The items that can be written to an ASCII file will be presented in a select box in which you can click an item and OK to select it and write it to file. The items that can be written to file are: If for one reason or another the type of data you selected is not available you will be alerted. In other cases you will get a file selector box where you can enter a name for the file that will contain the data previously selected.

View file... Top

This option enables you to view the contents of ASCII files present on disk in the current default drive.
The names of all ASCII files will be presented in a select box in which you can click a name to select a file to get a view of it on the screen in a separate window. This option thus facilitates the inspection (but not the editing) of ASCII files before they are used as input for an analysis, eventually.
You will be prompted for a file edit after you have started the analysis via the Run menu

Delete file... Top

This option enables the deletion of (ASCII) files.
The names of all (ASCII) files in the default volume will be presented in a select box from which you can click a name to select a file and delete it. You will be prompted for a confirmation.


Help Top

Speaks for itself.

About CAFCA... Top

Displays a copyright message and your registration (unless you downloaded your copy from CAFCA's webpage).


Interrupt Top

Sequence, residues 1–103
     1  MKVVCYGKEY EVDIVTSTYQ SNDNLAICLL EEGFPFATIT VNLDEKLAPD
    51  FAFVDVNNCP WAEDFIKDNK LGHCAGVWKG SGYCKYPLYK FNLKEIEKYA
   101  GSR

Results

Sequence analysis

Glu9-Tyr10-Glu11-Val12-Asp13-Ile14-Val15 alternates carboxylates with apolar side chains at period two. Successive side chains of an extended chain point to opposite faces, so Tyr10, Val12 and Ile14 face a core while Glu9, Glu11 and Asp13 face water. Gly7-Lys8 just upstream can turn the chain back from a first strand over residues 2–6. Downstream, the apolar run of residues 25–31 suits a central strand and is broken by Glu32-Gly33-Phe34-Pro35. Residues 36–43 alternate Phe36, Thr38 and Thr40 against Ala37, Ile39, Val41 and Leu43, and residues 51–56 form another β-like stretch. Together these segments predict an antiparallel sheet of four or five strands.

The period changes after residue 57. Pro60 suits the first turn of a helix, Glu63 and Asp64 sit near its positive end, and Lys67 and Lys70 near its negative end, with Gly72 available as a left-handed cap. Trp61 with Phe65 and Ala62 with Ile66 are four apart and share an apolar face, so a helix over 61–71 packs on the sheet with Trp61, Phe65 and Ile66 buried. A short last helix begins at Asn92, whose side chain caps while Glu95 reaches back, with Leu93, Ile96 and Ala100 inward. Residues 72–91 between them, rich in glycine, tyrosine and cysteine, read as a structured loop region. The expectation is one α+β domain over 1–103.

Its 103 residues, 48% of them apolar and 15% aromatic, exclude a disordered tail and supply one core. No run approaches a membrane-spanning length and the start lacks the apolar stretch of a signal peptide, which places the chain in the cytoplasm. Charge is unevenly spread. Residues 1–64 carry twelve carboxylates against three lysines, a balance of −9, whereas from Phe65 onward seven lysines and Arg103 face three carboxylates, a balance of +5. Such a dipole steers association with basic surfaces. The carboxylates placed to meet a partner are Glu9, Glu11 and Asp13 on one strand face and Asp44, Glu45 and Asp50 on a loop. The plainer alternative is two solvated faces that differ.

Break | Pause output | Resume output

This menu will appear as the only available item during the execution of all options from the Run and Print menus.

Break Top

Clicking this option during any Run or Print session will halt execution as soon as the APL attention check routine can intervene in any running process. All processes will be halted (i.e., not kept pending!) except the main event loop; thus you will be returned to the standard CAFCA screen. Resuming execution of current processes will not be possible, as these processes will be stopped sequentially as they appear on the stack. You may try to print (again) any results available until the break, or you may start anew with another selection from any menu.

Pause output Top

This option will pause output appearing on the screen during any Print session.

Resume output Top

This option will resume output appearing on the screen during any Print session.


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© M. Zandee 1996.